Q: My boyfriend and I signed a lease for an apartment in a new building in Williamsburg last summer. Three days before our move-in date, management told us the apartment would not be available until October because it did not have a temporary certificate of occupancy. They put us in a smaller unit on a lower floor, with our belongings spread out between the two units. Other tenants got the same bait and switch, and are also living in smaller, temporary units. What can we do?
A: You should not have to wait a year to move into your apartment. Check your lease to make sure your landlord countersigned it. If the landlord did not sign a market-rate lease, then it was never effective and you are not bound by its terms.
If it was countersigned, see if it includes a provision saying that the landlord is not obligated to give you the apartment you selected, as it is possible such a clause is in there giving the landlord more leverage.
But even if the lease has such a disclaimer and was countersigned, you should still be able to get out of it, considering that your apartment has not been available for so long. “The tenant has a claim to get out of the lease,” said David Hershey-Webb, a lawyer who represents tenants and a partner at the Manhattan law firm Himmelstein, McConnell, Gribben, Donoghue & Joseph. You could take the landlord to housing court to break the lease and, if you do not get your security deposit back, sue for it in small-claims court.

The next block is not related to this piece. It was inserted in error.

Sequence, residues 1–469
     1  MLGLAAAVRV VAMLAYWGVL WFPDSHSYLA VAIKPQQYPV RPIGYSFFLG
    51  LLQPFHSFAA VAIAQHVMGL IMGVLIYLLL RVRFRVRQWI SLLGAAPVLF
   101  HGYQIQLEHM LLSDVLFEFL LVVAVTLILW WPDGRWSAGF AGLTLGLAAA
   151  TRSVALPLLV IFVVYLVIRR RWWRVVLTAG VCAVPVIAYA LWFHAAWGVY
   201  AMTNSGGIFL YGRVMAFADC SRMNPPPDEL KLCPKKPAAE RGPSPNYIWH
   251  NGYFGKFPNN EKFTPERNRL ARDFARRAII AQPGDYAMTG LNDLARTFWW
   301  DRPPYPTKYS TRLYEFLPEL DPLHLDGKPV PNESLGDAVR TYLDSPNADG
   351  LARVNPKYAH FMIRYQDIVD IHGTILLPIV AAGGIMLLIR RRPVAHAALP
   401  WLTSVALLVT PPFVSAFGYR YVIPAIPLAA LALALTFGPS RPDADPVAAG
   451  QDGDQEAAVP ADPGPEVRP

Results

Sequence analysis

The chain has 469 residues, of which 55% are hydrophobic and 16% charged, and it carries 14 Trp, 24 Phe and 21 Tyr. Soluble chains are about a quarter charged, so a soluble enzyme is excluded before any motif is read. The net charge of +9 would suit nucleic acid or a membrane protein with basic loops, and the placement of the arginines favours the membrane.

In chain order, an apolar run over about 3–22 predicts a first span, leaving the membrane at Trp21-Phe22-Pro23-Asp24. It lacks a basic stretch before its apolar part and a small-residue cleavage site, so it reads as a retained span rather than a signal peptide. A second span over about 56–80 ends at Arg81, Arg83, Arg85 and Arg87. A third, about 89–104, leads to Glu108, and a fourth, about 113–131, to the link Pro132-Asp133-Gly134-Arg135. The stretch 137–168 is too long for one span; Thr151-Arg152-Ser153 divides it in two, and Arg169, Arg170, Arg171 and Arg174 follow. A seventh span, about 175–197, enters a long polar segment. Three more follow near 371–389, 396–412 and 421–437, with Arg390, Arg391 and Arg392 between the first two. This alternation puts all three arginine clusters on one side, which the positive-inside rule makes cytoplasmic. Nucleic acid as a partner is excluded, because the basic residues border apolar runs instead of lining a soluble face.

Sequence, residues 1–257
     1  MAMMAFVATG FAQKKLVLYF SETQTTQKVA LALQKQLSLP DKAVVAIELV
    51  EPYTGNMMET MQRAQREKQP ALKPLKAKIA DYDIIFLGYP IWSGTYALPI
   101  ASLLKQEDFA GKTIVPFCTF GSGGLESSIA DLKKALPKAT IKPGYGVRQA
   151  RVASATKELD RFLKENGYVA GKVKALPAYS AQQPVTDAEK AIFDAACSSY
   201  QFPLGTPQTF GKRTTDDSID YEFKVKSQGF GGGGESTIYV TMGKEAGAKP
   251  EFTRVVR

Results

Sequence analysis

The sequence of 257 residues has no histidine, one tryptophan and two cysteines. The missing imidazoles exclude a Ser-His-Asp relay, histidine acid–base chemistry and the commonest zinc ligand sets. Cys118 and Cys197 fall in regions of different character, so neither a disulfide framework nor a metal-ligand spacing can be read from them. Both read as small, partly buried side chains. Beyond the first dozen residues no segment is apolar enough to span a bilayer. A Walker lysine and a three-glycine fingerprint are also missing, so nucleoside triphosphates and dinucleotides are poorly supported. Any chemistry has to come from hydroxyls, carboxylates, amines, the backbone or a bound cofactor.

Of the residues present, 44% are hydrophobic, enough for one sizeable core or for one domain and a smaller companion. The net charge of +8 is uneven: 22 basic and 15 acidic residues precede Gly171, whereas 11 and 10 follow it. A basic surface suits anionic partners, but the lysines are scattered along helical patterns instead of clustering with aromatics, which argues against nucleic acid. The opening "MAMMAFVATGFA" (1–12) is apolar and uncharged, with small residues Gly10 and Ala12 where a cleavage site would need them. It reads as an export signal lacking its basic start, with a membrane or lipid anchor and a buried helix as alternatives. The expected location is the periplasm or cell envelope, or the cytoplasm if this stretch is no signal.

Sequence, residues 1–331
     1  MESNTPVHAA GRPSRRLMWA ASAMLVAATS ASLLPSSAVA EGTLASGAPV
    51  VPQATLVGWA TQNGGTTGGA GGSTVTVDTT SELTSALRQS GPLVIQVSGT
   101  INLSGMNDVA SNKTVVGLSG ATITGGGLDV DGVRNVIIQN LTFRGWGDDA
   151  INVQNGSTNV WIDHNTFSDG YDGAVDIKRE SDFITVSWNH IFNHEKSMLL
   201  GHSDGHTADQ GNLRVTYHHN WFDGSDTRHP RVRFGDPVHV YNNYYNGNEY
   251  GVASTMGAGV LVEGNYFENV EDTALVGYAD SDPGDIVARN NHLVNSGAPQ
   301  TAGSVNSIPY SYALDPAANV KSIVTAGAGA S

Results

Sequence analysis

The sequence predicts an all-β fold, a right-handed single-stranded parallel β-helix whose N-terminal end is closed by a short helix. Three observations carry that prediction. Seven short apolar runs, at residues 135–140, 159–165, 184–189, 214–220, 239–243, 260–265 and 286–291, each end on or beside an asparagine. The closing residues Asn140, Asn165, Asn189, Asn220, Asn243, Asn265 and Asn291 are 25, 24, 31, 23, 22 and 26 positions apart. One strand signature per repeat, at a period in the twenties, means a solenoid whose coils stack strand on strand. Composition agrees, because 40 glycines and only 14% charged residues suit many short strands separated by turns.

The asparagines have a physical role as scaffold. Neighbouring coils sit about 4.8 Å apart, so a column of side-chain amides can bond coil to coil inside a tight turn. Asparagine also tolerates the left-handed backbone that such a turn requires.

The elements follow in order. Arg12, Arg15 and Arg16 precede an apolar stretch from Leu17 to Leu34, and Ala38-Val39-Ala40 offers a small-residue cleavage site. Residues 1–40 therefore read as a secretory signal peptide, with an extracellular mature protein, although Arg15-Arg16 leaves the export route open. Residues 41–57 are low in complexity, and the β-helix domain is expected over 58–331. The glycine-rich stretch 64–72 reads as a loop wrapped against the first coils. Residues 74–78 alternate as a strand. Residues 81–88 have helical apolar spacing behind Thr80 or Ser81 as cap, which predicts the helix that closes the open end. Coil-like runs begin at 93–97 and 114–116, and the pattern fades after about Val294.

It’s also possible you shouldn’t be paying rent at all. If the building does not have a certificate of occupancy, then you and your neighbors should consult a lawyer about withholding rent, Mr. Hershey-Webb said.
As outlandish as your situation may seem, you are not the first tenant to find yourself signing a lease on an apartment that is not ready for habitation.
“We’ve put people in hotels for weeks,” said David J. Maundrell III, executive vice president of new developments in Brooklyn and Queens for Citi Habitats. He said such incidents are less common now than they were a few years ago, when the rental market was more heated. But even in those days, delays were a matter of weeks, not months. “You should not be delayed more than a month,” Mr. Maundrell said.